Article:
That the only nomination for Gone Girl, a critically endorsed box-office smash that sparked a slew of think pieces and also happens to be at its core a film about a woman asserting her sense of agency, came in this category while the year’s most-nominated film forces Naomi Watts and Andrea Riseborough into a non-sequitur lip lock is both too perfect and sadly telling. Women just can’t catch a break. Even this year, while every observer has seemingly added an extra dash of salt to their beef against the Academy’s retrograde tastes and disinterest in multiculturalism, the argument that Oscar’s notion of excellence continues to center around phalli remains a distant runner-up to pointing out its Caucasian persuasion. At the risk of getting self-righteous, we’ve been on AMPAS’s nuts over this practically as long as we’ve been putting them through the wringer: “Does one have to be a raging feminist to suggest that Capote and Brokeback Mountain aren’t aesthetically superior to North Country and Transamerica? Or that what distinguishes your glorified Lifetime movie of the week from your serious Oscar contender is whether or not the lead character has exterior genitalia?”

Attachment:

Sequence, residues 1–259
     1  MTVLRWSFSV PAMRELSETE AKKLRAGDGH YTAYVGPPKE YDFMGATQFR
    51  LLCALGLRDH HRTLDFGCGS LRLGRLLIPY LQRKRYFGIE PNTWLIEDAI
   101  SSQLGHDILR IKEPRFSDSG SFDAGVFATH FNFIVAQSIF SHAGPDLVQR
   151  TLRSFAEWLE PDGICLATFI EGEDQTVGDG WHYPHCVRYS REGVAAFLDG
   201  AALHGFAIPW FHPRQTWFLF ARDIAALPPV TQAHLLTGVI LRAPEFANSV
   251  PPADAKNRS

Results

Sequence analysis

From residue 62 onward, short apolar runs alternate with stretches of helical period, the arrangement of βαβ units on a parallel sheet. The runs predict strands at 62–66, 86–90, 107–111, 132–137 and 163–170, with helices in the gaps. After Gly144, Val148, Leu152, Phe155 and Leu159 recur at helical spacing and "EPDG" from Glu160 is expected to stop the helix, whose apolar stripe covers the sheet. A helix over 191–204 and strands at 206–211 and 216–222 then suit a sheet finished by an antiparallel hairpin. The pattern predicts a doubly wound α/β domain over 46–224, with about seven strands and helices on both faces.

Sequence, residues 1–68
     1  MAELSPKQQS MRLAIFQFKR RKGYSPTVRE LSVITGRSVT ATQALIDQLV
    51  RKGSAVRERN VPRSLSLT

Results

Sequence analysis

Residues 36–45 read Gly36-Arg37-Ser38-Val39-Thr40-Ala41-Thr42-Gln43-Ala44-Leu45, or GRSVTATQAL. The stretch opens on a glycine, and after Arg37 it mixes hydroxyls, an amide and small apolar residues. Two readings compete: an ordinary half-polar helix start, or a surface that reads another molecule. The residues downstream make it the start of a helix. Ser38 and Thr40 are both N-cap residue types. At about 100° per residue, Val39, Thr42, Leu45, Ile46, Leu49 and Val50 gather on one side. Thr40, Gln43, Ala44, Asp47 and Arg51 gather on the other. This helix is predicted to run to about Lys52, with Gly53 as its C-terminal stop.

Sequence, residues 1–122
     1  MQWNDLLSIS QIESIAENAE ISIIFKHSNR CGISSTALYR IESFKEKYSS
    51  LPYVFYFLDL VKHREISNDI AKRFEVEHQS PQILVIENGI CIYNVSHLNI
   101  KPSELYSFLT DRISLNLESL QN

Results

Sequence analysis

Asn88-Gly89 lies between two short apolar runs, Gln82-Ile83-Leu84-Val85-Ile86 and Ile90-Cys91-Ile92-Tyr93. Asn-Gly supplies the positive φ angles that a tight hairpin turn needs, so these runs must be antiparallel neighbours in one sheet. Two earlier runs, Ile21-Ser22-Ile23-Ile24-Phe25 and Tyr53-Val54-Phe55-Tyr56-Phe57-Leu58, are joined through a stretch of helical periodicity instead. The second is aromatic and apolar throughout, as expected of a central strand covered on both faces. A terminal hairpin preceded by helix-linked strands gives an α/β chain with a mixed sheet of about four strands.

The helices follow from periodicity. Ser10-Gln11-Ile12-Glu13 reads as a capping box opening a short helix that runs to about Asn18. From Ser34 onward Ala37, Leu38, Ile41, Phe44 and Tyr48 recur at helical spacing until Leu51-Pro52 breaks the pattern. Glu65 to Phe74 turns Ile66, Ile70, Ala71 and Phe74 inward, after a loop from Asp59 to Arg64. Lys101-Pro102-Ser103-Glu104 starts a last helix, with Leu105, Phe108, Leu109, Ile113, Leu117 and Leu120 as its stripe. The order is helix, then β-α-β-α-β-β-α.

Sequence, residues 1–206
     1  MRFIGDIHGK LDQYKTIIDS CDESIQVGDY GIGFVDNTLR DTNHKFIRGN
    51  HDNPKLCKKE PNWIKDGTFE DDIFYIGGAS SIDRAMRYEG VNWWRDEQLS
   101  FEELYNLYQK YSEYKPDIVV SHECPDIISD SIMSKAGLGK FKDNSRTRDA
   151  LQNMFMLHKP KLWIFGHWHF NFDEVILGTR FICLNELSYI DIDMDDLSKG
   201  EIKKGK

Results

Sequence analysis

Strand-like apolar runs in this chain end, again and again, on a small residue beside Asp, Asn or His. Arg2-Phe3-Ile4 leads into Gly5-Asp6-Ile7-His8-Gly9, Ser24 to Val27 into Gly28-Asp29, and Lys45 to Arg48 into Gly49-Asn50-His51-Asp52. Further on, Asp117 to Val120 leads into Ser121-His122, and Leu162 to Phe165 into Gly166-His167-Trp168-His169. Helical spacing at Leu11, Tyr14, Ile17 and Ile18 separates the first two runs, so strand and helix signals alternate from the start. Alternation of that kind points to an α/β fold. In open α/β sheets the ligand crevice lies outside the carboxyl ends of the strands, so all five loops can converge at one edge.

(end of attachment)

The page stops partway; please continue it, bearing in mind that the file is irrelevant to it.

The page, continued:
Reese Witherspoon (#1–10 of 10)
1. “Beers with Channing Tatum: ’Magic Mike XXL’ Reveals and Why He Put His Head Through a Wall.” The former stripper turned actor opens up to THR about his rocky past, tabloid divorce rumors, Oscar buzz for Foxcatcher, the possibility of having another baby and why he might move away from Hollywood.
“On one occasion, Tatum became so consumed with a scene where he has to smash his head against a mirror, he drew blood. The crew had covered the mirror with a plastic sheath, says [Bennett] Miller. ’But he punched that thing with his head three times and shattered it, and put his head through it and through the frame behind the mirror and through the drywall that the mirror was hanging on and left a divot two inches deep. When we took the mirror down, there was a hole in the wall. And he actually cut himself, and you see his blood in that scene. This was somebody uncorking something that you can’t make up. It’s inside you somewhere or it’s not.’”
1. “Jack the Ripper was Polish 23-year-old barber Aaron Kosminski, new book claims.” DNA evidence from victim Catherine Eddowes’ shawl was used for the research.